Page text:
Reversal of Fortune
As the largest inland port in the country, it’s not surprising that Pennsylvania’s one-time industrial hub has remained home to a century’s old company at the forefront of reverse logistics, a vague phrase with a very powerful meaning: less e-waste and more profit for retailers. Just a few miles northeast of downtown Pittsburgh is Papercraft Park, home to GENCO Supply Chain Solutions, a company that began in 1898 as a horse-and-buggy “trucking” company and has since blossomed into the second-largest supply-chain headquarters in North America. While the company offers a breadth of solutions for pharmaceutical and government agencies, it’s real value for the CE industry is in how seemingly un-sellable inventory can be liquidated in alternative markets. Not only does the move increase revenue for retailers, but it eliminates environmental waste.
“Twenty-four percent of what we liquidate is electronics,” said Don Rendulic, director of marketing and corporate communications at GENCO. Efforts to find new ways to dispose of and repurpose returned goods have accelerated in recent years thanks, in part, to ecological concerns about e-waste and successful resell opportunities on Web sites like eBay where individuals, retailers and third-party specialists such as GENCO can liquidate products.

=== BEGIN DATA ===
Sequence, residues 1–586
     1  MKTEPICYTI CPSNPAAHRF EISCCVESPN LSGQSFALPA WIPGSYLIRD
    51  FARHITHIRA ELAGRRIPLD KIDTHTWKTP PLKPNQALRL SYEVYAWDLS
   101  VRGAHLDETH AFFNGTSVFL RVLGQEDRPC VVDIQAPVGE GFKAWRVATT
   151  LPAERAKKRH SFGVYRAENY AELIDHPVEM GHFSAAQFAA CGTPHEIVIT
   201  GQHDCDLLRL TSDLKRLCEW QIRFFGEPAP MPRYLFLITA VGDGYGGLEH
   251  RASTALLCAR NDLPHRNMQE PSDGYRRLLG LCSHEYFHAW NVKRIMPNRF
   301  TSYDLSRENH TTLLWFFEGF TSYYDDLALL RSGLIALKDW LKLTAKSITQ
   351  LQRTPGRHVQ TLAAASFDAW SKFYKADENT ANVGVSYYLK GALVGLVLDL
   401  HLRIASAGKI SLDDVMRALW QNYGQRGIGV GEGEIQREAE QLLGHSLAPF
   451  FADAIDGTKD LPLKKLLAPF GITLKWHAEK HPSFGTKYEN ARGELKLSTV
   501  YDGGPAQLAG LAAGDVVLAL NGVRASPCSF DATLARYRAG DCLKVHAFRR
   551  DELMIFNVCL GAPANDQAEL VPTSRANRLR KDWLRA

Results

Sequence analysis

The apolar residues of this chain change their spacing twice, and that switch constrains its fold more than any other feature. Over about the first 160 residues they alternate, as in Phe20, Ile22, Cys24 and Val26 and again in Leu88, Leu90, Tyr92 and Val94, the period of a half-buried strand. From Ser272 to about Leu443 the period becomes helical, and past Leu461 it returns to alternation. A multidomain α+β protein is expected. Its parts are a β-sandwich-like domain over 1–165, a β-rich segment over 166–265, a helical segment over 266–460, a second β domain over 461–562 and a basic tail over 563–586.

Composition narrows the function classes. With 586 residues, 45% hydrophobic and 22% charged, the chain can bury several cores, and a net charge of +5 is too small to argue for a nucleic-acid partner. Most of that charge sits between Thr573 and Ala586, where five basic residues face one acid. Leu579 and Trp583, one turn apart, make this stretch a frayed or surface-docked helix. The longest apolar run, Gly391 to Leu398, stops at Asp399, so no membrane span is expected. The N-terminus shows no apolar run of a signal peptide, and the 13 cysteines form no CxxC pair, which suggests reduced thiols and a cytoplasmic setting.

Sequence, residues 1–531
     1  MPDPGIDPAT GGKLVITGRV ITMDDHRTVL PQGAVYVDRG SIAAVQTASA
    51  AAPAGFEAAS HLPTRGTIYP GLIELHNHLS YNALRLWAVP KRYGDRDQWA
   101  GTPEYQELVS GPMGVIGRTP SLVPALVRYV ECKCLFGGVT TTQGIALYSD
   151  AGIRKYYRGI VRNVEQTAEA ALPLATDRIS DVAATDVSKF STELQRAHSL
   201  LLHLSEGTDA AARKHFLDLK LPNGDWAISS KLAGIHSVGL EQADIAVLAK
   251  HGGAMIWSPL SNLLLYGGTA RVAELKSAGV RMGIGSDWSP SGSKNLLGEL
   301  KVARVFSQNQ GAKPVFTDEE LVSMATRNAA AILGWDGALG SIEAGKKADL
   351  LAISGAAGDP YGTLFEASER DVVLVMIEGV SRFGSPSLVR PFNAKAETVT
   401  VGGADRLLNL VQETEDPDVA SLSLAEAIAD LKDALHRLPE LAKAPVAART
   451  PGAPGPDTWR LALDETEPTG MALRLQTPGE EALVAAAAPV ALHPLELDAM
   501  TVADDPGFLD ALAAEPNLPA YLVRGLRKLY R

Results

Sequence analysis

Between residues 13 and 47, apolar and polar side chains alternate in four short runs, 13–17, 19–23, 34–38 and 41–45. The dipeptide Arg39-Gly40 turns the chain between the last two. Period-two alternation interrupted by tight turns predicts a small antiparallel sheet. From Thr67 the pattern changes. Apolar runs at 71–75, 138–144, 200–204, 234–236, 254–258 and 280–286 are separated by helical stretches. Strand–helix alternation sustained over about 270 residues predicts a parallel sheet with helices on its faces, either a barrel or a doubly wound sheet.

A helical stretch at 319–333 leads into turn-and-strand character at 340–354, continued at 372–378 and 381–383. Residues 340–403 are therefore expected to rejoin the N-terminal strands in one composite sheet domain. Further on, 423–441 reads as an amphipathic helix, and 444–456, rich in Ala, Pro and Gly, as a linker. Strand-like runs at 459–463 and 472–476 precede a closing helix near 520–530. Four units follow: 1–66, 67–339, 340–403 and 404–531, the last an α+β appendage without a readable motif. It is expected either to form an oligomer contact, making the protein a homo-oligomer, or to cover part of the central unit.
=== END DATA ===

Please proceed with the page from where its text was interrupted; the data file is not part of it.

“Everyone knows that managing all of your inventory, not just the new stuff, but the stuff that’s coming back for one reason or another, and stuff that didn’t sell, is pretty important,” said Dr. Dale Rogers, professor of logistics and supply chain management at the University of Nevada and a GENCO consultant.